Third party election advertising has long been a contentious issue in Canada and elsewhere. In Canada, we saw it used effectively by unions and radical leftists to undermine the election campaign of the Ontario Progressive Conservatives led by Tim Hudak and help to re-elect the Liberal government led by Kathleen Wynne. As we head into the federal election campaign, union backed groups like Engage Canada are again running attack ads against conservative politicians, namely the Conservative government led by Stephen Harper.
This has understandably led to misguided calls by conservatives for an end to union funding of political advertising. The best way to ensure that the best ideas and the best politicians succeed isn’t to further restrict advertising, but to allow more freedom of expression. Any laws banning advertising by unions, or organizations backed by them, would necessarily involve banning advertising by businesses and other public advocacy groups like the National Citizens Coalition and The Canadian Taxpayers Federation.
Such gag laws already exist at the federal level during the election writ period. I disagree with these laws and any restrictions on political speech. They are inconsistent with The Charier of Rights and Freedoms guarantees of freedom of expression and association. That they apply to communication during an election campaign makes them especially egregious. In the United States a similar law banning political communications by corporations and unions within 60 days before an election was found to violate the First Amendment (Citizens United vs FEC) by the Supreme Court of the United States.
With the federal fixed election date law it is now possible to time advertising for the pre-writ period substantially reducing the effectiveness of election gag laws. With a federal election scheduled for October, political advertising has already begun both by political parties and advocacy groups like Engage Canada. In order to end such advertising the law would have to extend to advertising outside of election writ periods. To ban this would entail a permanent ban on public advocacy advertising by all third parties and would amount to a total ban on political dissent outside of the political parties.
The most serious arguments against third party advertising are that unions use dues that are collected from their members, many of whom don’t agree with the positions taken by the unions, and that the dues are publicly funded through the tax deduction for union dues.
Unions aren’t the only organizations engaging in self-serving advertising to promote changes in government policy. Many businesses spend money on advertising to promote their views on matters of public policy, like Enbridge advertising in favour of pipeline construction. Their advertising and lobbying efforts also benefit from tax deductibility for the businesses.
The political parties themselves also receive massive public funding for their campaigns. The problem with union backed advertising isn’t that it’s publicly subsidized by tax deductions, but that the funds are extracted involuntarily from workers through mandatory dues deduction.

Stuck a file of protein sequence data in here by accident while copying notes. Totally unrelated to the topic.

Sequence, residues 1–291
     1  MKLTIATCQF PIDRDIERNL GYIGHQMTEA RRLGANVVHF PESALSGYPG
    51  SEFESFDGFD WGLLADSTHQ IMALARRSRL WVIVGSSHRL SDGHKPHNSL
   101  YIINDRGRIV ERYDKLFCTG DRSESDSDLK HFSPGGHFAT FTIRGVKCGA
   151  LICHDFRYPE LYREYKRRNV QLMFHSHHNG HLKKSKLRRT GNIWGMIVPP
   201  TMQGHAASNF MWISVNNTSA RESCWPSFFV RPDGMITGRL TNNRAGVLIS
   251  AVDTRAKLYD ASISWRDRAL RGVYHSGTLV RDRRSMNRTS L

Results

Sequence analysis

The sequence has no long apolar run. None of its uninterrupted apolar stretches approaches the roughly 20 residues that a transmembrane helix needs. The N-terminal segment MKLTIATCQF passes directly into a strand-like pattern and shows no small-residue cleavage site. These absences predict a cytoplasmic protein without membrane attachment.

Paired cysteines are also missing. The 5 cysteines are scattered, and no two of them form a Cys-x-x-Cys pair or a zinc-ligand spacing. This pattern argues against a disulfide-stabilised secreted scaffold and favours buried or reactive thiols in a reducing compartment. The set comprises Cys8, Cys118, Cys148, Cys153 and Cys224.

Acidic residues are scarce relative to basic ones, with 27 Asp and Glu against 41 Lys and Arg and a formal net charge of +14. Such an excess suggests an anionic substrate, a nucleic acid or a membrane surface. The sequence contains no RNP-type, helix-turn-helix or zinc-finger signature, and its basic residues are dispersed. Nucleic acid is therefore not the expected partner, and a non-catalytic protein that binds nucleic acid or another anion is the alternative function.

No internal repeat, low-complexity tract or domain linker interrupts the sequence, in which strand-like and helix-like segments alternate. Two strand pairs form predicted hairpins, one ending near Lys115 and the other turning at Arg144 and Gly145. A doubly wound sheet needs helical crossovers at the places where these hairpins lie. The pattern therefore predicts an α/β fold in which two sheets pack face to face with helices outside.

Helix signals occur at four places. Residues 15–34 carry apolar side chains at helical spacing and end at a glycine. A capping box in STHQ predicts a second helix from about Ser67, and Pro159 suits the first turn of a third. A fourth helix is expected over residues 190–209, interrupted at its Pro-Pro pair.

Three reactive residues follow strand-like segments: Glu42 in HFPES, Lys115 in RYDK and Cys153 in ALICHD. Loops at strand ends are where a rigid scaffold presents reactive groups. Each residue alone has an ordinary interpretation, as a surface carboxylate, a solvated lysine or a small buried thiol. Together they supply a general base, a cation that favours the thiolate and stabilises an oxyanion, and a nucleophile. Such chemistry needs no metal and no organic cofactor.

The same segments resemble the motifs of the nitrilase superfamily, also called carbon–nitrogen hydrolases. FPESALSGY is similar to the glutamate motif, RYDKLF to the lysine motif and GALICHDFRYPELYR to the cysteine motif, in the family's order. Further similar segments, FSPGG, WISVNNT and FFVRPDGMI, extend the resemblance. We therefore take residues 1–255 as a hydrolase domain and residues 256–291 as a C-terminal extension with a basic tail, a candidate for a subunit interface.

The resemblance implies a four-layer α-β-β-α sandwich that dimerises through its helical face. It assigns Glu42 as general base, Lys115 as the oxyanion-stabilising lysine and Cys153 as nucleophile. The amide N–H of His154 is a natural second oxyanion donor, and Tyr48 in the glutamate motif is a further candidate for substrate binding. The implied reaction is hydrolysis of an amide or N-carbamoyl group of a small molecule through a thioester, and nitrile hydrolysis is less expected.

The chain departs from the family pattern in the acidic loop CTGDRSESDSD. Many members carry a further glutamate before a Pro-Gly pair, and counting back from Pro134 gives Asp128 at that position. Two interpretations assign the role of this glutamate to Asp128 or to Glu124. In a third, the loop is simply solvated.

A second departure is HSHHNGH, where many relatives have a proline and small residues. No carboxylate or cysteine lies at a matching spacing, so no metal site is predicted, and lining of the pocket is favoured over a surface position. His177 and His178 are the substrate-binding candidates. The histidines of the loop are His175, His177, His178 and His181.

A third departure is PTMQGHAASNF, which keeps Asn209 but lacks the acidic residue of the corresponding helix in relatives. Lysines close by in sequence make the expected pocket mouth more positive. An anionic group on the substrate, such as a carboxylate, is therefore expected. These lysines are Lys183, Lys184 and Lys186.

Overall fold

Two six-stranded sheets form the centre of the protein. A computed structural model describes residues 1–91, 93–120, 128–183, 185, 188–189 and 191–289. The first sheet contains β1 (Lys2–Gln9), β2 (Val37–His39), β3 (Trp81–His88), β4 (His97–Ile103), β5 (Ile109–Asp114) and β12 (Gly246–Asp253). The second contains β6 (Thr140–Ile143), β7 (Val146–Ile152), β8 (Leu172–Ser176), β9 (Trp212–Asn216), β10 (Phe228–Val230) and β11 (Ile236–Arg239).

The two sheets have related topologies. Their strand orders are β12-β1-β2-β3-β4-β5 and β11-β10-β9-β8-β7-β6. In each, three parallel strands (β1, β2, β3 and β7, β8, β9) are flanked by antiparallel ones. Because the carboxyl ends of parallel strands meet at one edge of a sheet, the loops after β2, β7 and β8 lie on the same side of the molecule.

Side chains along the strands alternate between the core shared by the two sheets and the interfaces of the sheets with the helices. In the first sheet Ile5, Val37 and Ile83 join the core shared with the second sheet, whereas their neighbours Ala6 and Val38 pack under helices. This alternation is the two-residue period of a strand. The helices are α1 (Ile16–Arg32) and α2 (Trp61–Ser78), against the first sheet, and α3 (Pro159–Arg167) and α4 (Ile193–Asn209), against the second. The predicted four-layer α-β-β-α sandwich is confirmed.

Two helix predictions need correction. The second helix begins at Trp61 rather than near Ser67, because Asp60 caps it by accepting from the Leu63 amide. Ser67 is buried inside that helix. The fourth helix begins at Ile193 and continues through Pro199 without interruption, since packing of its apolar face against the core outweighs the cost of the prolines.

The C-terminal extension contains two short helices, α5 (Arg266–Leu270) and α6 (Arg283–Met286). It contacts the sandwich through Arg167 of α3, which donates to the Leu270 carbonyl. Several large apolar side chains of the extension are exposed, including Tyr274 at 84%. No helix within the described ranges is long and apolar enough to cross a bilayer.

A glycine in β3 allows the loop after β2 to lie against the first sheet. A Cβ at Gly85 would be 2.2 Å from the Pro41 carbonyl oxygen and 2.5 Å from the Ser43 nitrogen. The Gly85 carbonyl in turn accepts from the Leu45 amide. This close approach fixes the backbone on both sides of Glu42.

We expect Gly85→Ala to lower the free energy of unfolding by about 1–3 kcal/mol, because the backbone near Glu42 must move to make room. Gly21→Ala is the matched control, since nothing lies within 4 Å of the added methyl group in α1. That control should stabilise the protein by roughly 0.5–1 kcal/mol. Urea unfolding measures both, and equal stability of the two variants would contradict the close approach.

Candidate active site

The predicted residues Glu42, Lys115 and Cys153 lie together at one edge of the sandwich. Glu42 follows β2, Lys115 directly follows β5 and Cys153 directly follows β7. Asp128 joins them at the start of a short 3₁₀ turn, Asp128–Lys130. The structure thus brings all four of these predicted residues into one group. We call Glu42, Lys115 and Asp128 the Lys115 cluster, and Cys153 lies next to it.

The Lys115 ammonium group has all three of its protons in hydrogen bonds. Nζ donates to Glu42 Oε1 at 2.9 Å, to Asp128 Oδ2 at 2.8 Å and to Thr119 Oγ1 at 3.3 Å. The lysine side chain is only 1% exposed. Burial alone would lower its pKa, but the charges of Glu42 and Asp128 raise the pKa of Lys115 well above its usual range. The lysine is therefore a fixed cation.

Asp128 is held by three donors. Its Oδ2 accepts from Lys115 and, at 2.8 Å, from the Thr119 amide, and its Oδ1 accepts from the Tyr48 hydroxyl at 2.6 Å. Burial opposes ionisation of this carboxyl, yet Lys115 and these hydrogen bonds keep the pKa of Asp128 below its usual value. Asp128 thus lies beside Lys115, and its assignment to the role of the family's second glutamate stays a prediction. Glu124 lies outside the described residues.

Political parties gain most of their funding from donations voluntarily given by their supporters. Businesses use their own revenues to promote positions that are in the interest of the business and advocacy groups like The National Citizens Coalition and The Campaign Life Coalition rely on voluntary donations from their supporters.
It is only the unions that are effectively granted the power to tax their members in order to fund political campaigns. Mandatory dues check off (also known as the Rand Formula) require employers to deduct union dues from pay cheques for all workers, whether members of the union or not. In this way unions are taking money from workers who aren’t members of the Union and have no interest in supporting the political campaigns run by the unions.
I fully support the right of unions to run advertising promoting their political views, but only if they obtain the funds for the advertising through voluntarily obtained contributions of members. A ban on Union advertising would violate the freedom of expression of union members, but forcing people to fund such advertising when they are not in agreement is a violation of the right of freedom of association of workers.
Everyone regardless of their political views should be entitled to promote their political positions individually or in concert with others. Campaign advertising restrictions interfere with that right and need to end. At the same time no one should be forced to pay for the promotion of views they disagree with. This is unfair to the workers, violates their rights of workers and creates a bias in favour of pro Union advertising during elections.
The solution is to end the Rand Formula for funding unions in Canada. Those who voluntarily support the positions taken by the unions will remain free to help fund them, but those who don’t should be allowed the freedom to withhold union dues or donate to causes they agree with. This won’t end Union backed political advertising, but it will ensure that it represents the views of those actually funding it.